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Former Owner/Operator of Fall River Glass Company Pleads Guilty to Federal Payroll Tax Charges

BOSTON – The former owner of a now closed Fall River-based glass company pleaded guilty in federal court in Boston on March 11, 2019, to charges that he failed to report and pay over to the IRS taxes he had withheld from his company’s employees.

Moses Rapoza, 83, of Lakeville, pleaded guilty to one count of filing a false tax return and 11 counts of failing to pay over to the IRS the taxes he withheld from employee wages. U.S. District Judge Richard G. Stearns scheduled sentencing for June 13, 2019.

Rapoza was described as the former owner and operator of Global Specialty Glass Contractors Inc., a glass installation business previously located in Fall River. For every calendar quarter from 2011 through 2014, Rapoza withheld income taxes and Federal Insurance Contributions Act (FICA) taxes from wages he paid to his employees, but failed to pay those taxes to the IRS on behalf of the employees. In addition, Rapoza filed a false Form 941 tax return with the IRS, knowing that it understated the amount of wages he had paid to employees.

The charge of filing a false tax return provides for a sentence of no greater than three years in prison, one year of supervised release and a fine of $250,000. The charge of failure to pay over taxes provides for a sentence of no greater than five years in prison, three years of supervised release and a fine of $250,000. Sentences are imposed by a federal district court judge based on the U.S. Sentencing Guidelines and other statutory factors.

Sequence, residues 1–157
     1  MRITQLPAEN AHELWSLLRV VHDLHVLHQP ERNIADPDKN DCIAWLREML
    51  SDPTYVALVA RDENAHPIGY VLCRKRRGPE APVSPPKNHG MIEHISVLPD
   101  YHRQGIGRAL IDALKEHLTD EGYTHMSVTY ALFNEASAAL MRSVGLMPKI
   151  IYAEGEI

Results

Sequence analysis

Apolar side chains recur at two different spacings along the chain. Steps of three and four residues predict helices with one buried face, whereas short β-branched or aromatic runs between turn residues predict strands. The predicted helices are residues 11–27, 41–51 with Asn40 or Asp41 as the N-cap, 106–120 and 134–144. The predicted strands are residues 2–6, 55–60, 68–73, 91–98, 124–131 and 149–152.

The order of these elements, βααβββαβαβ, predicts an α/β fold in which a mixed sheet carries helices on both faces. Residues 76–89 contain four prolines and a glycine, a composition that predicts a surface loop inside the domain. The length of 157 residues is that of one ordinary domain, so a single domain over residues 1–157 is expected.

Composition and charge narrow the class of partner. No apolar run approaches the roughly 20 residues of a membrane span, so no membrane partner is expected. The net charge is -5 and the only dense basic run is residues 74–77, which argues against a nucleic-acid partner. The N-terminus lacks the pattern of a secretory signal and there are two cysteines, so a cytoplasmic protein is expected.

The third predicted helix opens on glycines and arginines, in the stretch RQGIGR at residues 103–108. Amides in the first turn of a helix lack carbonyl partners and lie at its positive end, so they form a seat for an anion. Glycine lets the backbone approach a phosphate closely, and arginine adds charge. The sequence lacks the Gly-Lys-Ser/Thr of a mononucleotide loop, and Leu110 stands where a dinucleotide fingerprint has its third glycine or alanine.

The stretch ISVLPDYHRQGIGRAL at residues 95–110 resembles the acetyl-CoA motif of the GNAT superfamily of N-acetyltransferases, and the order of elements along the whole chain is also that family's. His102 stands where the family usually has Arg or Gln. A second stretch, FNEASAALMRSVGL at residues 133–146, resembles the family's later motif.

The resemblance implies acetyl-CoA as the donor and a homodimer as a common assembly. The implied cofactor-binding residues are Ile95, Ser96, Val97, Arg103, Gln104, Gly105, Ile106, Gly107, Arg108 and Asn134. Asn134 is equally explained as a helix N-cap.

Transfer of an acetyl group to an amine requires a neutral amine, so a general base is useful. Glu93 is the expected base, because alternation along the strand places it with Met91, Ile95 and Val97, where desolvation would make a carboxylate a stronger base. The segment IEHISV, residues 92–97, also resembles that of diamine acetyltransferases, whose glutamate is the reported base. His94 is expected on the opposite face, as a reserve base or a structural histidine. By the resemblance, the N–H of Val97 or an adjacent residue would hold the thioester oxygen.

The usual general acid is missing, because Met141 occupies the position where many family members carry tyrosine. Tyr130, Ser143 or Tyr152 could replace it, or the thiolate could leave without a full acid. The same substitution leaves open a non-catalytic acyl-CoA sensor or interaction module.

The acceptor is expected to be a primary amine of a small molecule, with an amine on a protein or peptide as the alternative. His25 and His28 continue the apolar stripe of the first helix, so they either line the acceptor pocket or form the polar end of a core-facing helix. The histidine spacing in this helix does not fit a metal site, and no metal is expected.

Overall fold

United States Attorney Andrew E. Lelling and Kristina O’Connell, Special Agent in Charge of the Internal Revenue Service’s Criminal Investigation in Boston, made the announcement. Assistant U.S. Attorney Victor A. Wild of Lelling’s Security and Financial Fraud Unit is prosecuting the case.

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All Information was gathered from publicly available US Government releases. "§105. Subject matter of copyright: United States Government works Copyright protection under this title is not available for any work of the United States Government, but the United States Government is not precluded from receiving and holding copyrights transferred to it by assignment, bequest, or otherwise. ( Pub. L. 94–553, title I, §101, Oct. 19, 1976, 90 Stat. 2546 .)"